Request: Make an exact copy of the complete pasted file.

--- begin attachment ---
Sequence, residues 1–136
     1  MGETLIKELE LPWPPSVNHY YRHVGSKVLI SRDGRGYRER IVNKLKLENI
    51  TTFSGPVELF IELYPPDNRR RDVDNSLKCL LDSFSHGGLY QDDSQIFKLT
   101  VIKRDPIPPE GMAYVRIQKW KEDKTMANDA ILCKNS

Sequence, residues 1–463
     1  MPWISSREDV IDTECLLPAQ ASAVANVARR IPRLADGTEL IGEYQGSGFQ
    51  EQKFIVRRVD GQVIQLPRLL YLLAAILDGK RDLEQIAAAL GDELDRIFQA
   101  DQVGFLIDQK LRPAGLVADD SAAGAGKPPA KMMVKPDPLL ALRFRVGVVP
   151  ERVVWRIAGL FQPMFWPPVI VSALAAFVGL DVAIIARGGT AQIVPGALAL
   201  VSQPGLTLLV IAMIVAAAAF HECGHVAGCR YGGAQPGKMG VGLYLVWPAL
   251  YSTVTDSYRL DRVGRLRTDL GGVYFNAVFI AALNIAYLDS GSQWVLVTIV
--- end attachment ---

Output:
Sequence, residues 1–136
     1  MGETLIKELE LPWPPSVNHY YRHVGSKVLI SRDGRGYRER IVNKLKLENI
    51  TTFSGPVELF IELYPPDNRR RDVDNSLKCL LDSFSHGGLY QDDSQIFKLT
   101  VIKRDPIPPE GMAYVRIQKW KEDKTMANDA ILCKNS

Sequence, residues 1–463
     1  MPWISSREDV IDTECLLPAQ ASAVANVARR IPRLADGTEL IGEYQGSGFQ
    51  EQKFIVRRVD GQVIQLPRLL YLLAAILDGK RDLEQIAAAL GDELDRIFQA
   101  DQVGFLIDQK LRPAGLVADD SAAGAGKPPA KMMVKPDPLL ALRFRVGVVP
   151  ERVVWRIAGL FQPMFWPPVI VSALAAFVGL DVAIIARGGT AQIVPGALAL
   201  VSQPGLTLLV IAMIVAAAAF HECGHVAGCR YGGAQPGKMG VGLYLVWPAL
   251  YSTVTDSYRL DRVGRLRTDL GGVYFNAVFI AALNIAYLDS GSQWVLVTIV